Review: Namco Museum: 50th Anniversary (GCN)

This is one exhibition that will disappoint many

Namco is a company with one of the most impressive back catalogues in video games and is now one of the biggest names in home entertainment following a successful merger with toy and anime company Bandai five years ago. Released at the end of the Gamecube's life to coincide with the 50th anniversary of Namco (a company whose humble origins in the mid-1950s saw it making department store coin-op kiddie rides), Namco Museum: 50th Anniversary is a pretty big disappointment considering the history of the Namco Museum series as well as the company that it's supposed to celebrate.

When it was originally released on the Sony Playstation, the Namco Museum series joined a few other collections of emulated or ported classic arcade games thanks to the Playstation having enough horsepower to accurately present these titles coupled with the generation of gamers that grew up with them being old and wistful enough to spend money on video game nostalgia. For many outside of Japan, it was the first time the Namco brand was associated with these games. The series of five titles (a sixth was only released in Japan) included games that either had extremely limited release outside of Japan or were originally distributed by companies like Midway or Atari Games with the Namco name being completely absent. It was a good move for a company asserting a more global presence, and Namco is now recognisable worldwide as one of the biggest names in console and arcade gaming.

The original Namco Museum was often criticised for being fairly sparse, with each volume only having 5 or 6 titles; not all of which were considered "must have" games. It made up for that with a detailed presentation featuring a 3D virtual museum in which players could guide corporate mascot Pac-Man through exhibits on the history of the company's games. Not only could you find representations of the original upright and cocktail cabinets, but also history, trivia and play tips for each of the included games. There was a wealth of media assets with promotional flyers, trade magazine ads, concept artwork, cabinet rule cards and even images of the original circuit boards for the games. For those interested in the history of video games, it rivalled the video interviews on the collections from Midway Home Entertainment of the time. In addition, play stats were recorded (and graded), including general information like total time played and high scores, as well as game-specific stats, like the number of times certain enemies were shot or ghosts eaten — practically anything you could think of was recorded to the delight of gaming anoraks everywhere.

It is in large part because the bar was set so high with the first Namco Museum that the 50th Anniversary collection presents such a disappointment. After creating a save file, you're presented with a collection of upright cabinets on a virtual lazy susan that can be rotated left or right. Each has a legible marquee and title screenshot in the virtual cabinet screen...and that's it. There's no extras of any kind, aside from 80s pop music playing in the background. Individual games have customisable settings like number of starting lives or score required to earn an extra life, but that's all — you cannot even view the controls for the games outside the in-game pause menu, much less customise them, and there is no support for 3rd-party peripherals in the Pole Position racing games.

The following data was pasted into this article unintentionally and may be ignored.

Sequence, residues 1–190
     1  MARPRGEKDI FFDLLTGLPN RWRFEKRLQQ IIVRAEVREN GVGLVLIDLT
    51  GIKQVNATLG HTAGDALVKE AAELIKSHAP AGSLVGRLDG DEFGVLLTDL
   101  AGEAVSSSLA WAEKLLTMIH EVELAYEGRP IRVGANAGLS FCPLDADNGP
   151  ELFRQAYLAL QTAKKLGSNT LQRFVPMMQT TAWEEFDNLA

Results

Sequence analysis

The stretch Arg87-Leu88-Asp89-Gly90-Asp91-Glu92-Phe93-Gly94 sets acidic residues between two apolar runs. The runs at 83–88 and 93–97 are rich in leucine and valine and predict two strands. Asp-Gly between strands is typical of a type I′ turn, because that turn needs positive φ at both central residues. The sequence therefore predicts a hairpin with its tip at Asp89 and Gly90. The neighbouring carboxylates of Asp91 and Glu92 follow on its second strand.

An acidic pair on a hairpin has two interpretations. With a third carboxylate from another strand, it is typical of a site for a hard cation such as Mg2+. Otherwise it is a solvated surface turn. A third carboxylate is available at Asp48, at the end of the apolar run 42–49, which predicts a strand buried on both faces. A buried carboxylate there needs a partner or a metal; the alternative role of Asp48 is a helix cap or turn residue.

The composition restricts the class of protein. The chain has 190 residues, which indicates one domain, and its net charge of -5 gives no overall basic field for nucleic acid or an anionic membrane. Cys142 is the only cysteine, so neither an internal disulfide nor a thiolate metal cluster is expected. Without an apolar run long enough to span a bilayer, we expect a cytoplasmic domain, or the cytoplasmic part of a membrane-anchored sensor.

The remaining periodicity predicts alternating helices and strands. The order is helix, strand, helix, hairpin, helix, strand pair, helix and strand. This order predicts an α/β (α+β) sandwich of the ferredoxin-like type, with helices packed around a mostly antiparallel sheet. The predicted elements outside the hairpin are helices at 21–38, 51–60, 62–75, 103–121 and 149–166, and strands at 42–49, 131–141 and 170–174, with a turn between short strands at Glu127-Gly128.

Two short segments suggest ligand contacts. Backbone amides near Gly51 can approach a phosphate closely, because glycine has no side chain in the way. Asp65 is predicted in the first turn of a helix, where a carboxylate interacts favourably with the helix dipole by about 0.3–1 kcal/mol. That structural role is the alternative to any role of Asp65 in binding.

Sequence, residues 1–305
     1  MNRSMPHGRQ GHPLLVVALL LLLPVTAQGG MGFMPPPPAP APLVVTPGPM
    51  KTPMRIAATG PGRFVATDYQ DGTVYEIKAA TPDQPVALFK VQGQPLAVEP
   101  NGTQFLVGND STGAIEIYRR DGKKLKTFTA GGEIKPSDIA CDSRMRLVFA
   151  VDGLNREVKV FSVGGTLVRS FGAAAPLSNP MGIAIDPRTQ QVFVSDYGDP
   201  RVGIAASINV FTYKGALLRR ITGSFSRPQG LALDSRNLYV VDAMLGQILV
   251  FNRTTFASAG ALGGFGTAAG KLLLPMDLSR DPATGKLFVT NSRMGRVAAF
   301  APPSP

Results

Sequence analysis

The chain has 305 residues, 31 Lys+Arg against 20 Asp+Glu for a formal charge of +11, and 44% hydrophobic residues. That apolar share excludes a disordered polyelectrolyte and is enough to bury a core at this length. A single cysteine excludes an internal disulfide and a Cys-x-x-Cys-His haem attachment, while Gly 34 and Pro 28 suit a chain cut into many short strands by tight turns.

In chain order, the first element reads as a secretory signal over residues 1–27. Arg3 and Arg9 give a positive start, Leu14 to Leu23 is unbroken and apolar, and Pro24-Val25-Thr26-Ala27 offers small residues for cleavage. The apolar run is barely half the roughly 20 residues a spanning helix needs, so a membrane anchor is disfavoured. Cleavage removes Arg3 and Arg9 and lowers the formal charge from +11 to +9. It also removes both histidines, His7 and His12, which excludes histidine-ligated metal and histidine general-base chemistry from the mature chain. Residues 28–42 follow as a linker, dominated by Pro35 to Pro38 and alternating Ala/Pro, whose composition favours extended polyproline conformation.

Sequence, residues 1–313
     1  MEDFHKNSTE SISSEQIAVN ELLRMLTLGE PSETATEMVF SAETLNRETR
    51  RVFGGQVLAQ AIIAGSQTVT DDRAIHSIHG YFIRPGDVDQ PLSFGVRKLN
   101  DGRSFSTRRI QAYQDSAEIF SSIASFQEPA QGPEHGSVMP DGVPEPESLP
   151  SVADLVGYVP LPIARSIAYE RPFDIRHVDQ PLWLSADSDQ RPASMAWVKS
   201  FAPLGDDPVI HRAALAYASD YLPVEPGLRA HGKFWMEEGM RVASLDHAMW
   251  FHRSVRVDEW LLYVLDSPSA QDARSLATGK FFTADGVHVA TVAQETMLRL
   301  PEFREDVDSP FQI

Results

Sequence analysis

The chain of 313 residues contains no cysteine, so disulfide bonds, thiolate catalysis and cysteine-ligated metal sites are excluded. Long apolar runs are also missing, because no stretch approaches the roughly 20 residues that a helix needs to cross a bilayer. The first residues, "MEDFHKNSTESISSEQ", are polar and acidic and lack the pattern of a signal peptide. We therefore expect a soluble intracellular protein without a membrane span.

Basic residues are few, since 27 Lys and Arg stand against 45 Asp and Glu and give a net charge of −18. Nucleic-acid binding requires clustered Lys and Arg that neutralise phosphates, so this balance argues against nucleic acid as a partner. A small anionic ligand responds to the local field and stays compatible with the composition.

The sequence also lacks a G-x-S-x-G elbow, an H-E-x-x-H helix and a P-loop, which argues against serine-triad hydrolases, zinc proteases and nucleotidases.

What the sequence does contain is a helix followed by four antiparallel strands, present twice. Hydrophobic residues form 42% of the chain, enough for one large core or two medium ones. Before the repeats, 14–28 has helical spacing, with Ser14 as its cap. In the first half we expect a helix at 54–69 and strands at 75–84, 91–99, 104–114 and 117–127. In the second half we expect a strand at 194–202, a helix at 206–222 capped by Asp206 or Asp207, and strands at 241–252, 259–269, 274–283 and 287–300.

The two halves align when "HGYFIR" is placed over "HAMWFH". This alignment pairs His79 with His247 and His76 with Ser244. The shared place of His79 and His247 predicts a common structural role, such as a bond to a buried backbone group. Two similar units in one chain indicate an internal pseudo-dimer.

Of course, a collection like this should ultimately be about the games, and despite small issues like slightly slower music and an almost imperceptible fire button response delay in Galaga (no doubt due to a bad PAL conversion), the games have been well-rendered by classic port/emulation veterans Digital Eclipse. The lack of widescreen support unfortunately means that dots in Pac-Man and Ms. Pac-Man and sprites in Galaga have a slightly smeared look due to differing pixel sizes between modern flat panels and older raster CRT displays. Also annoying is those same games, and others which originally used vertical monitors, appearing window-boxed after reformatting your widescreen set for displaying 4:3 content.

There is a good selection of titles on offer, with 14 of Namco's most famous arcade games included: Pac-Man, Ms. Pac-Man, Galaxian, Galaga, Dig Dug, Rally-X, Pole Position, Pole Position II, Xevious, Dragon Spirit, Bosconian, Rolling Thunder, Mappy and Sky Kid are all on offer and anyone who likes classic games will find something to enjoy. Of course this is a collection to celebrate five decades of Namco games, so why is it that the latest releases date from 1987? Surely at a minimum you would expect to see the complete gamut from the original Museum series, but that's not the case and whilst two of these games featured in the Japan-only Namco Museum R on the Playstation, many titles are missing that were released in that original series, not to mention many other games from the late 80s through the 90s that could have been included.

The end result feels like it was either rushed or lacked any budget to do the title justice. Coming from a video game company supposedly celebrating 50 years of arcade entertainment, it feels like the equivalent of a spouse picking up a cheap box of chocolates on the way home from work after completely forgetting their wedding anniversary.

Conclusion

If Namco had released more bare bones compilations of its classic IP in the past, the 50th Anniversary edition of Namco Museum could probably get a pass. Sadly, it fails to live up to its predecessors in the quality of the presentation or the breadth of content. As a consequence, it can only be recommended to Gamecube owners for whom better quality re-packagings are inaccessible; Wii owners are advised to pass on this one and get the superior Namco Museum Remix instead.